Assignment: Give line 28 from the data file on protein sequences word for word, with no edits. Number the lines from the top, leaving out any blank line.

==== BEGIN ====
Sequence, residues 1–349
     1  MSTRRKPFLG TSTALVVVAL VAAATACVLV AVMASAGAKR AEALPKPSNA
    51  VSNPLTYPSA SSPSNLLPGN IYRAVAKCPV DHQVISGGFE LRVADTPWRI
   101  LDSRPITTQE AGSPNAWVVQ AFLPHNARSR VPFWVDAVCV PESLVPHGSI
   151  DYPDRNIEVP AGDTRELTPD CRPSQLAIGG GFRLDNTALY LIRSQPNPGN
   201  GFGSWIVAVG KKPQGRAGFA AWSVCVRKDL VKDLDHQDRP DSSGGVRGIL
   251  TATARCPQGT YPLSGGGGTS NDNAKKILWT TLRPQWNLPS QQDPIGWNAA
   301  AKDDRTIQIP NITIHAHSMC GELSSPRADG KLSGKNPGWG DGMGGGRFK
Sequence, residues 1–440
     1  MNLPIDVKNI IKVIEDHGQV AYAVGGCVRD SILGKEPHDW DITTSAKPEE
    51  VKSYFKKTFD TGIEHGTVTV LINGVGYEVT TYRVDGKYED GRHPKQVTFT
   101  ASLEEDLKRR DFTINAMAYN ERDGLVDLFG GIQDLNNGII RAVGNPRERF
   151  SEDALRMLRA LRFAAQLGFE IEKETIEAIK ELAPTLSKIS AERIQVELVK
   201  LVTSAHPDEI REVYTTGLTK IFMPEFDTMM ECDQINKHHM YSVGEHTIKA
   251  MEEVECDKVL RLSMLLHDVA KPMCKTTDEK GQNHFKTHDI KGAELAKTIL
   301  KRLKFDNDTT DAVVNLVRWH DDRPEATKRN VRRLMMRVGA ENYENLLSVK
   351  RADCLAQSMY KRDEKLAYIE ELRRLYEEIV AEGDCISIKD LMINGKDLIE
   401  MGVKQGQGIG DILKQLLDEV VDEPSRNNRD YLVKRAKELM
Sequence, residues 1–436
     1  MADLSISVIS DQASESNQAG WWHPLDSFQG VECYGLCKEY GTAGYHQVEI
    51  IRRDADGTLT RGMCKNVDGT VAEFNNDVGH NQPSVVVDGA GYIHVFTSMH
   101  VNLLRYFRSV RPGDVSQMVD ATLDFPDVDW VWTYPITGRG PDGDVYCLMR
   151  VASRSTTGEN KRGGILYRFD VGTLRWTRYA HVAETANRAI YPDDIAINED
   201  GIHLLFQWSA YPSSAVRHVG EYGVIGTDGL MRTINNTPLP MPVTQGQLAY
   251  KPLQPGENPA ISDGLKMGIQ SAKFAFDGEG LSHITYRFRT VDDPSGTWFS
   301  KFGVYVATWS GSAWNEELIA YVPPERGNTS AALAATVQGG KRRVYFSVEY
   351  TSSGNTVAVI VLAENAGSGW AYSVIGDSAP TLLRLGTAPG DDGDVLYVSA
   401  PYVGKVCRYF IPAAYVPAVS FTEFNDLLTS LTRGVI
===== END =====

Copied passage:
   401  PYVGKVCRYF IPAAYVPAVS FTEFNDLLTS LTRGVI